Also, if you can come up with well-sourced, fallacy-free statistical data that is contrary to my findings in a given I would be happy to add it in an amendment to the post.

  • kent frazier

    1=0

    • http://thinkbynumbers.org/ Mike P. Sinn

      Why I oughta!

  • http://www.visiosight.com Naj

    I agree that analytical thinking is what humanity needs. With that said, it is clear the general populace doesn’t utilize such forms of thinking as it is considered arduous. They find much ease in utilizing their subconscious to conform to abstract propaganda and associative base levels of thinking instead of statistical base levels. Research shows every time that even the most adept statisticians fall into mistakes of base level perception, representation, associative activation, regression to the mean and the infamous “WYSIATI.” Such concepts alluded to by the great Daniel Kahneman.

    Great post though, kudos to you. Statistical thinking is the way to go.

    • http://thinkbynumbers.org Mike P. Sinn

      Very true. I’d never heard of Daniel Kahneman. I’ll have to look into his writings.

      Thanks!

  • Bill

    I love the site and the facts, simple and direct. Numbers dont lie, and discovery and exploration is based on numerical facts and prediction. Emotions will kill you if thats all you rely upon to fly your spacecraft, airplane, or sail your ship. Smart people would rather think less with emotion and more with numerical relationships. Less smart people dont have the time or patience to give a damn. Nice site! thanks for it!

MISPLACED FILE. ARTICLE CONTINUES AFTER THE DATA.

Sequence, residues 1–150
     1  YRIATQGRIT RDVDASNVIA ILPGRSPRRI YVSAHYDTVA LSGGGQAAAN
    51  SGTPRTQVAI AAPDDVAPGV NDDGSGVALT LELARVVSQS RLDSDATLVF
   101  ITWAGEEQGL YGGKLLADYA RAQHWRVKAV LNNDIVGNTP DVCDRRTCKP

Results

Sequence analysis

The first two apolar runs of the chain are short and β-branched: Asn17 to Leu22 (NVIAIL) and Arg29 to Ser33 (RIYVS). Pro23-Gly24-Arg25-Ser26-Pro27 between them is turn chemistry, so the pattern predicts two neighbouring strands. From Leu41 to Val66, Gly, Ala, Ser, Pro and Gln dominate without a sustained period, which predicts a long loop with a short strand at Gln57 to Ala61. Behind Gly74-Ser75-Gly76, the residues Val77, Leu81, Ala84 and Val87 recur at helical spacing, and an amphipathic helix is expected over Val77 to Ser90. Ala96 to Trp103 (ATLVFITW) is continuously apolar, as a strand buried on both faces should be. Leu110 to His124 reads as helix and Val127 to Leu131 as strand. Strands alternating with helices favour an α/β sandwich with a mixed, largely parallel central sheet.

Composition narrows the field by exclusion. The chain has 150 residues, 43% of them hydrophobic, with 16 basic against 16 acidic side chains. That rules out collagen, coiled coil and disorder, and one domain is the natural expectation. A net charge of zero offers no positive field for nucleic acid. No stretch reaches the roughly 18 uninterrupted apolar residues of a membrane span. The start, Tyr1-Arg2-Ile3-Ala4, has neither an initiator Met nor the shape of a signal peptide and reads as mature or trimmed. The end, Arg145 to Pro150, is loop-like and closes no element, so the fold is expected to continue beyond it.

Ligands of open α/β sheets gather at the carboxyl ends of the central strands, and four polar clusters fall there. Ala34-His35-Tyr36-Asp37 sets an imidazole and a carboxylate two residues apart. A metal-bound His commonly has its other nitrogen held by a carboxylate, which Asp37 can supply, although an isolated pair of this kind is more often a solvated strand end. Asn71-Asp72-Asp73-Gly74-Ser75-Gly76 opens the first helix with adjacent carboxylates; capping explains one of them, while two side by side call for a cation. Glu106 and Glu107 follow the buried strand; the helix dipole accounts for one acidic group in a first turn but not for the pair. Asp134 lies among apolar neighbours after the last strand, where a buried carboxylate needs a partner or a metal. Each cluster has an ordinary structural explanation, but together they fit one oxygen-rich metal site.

• http://thinkbynumbers.org Mike P. Sinn

      We love you!

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  • http://twitter.com/boriskist boriskist (@boriskist)

    statistics don’t kill people, people kill people….aka, you have to look behind any statistic to see what it’s actually measuring. you would think as nosey as americans are they would want to be looking at what goes on in every statistics bedroom……

    • http://thinkbynumbers.org/ Mike P. Sinn

      Good point!

  • Aniqa

    THANK YOU! For this shining beacon of logos, amidst all the muck of ignorant (at best) and ill-intentioned (at worst) pathos. We are far too materialistic to understand ethos though

    • http://thinkbynumbers.org Mike P. Sinn

      THANK YOU for being such a doll! I’m filled with self-loathing so your kind greek words really mean a lot to me. Really. Thanks. :)

  • Shauntay Larkins

    good stuff maynard. and not a difficult read either for the non-statistically minded.

    • http://thinkbynumbers.org Mike P. Sinn

      Thanks, Shauntay! However, I’m still not able to get through to the illiterate demographic.

  • Poe Lou Chan

    Very much enjoyed finding and going over your site … will be checking in (and linking to) often.

    • http://thinkbynumbers.org/ Mike P. Sinn

      Thanks, Poe! :)

  • TomDenison

    I just discovered this site moments ago and this is the best site I have come across in eons. I absolutely love this site. I live, eat and breathe logical analysis of current events and this site is spot on. Love it!

    • http://thinkbynumbers.org/ Mike P. Sinn

      You’re too kind, Tom!

  • http://www.facebook.com/StatenIsland Anthony Licciardello

    Absolutely, and astonishingly brilliant…

    • http://thinkbynumbers.org/ Mike P. Sinn

      Thank you! I’m going to show your comment to my friends. I’m always telling them I’m brilliant, but no one believes me!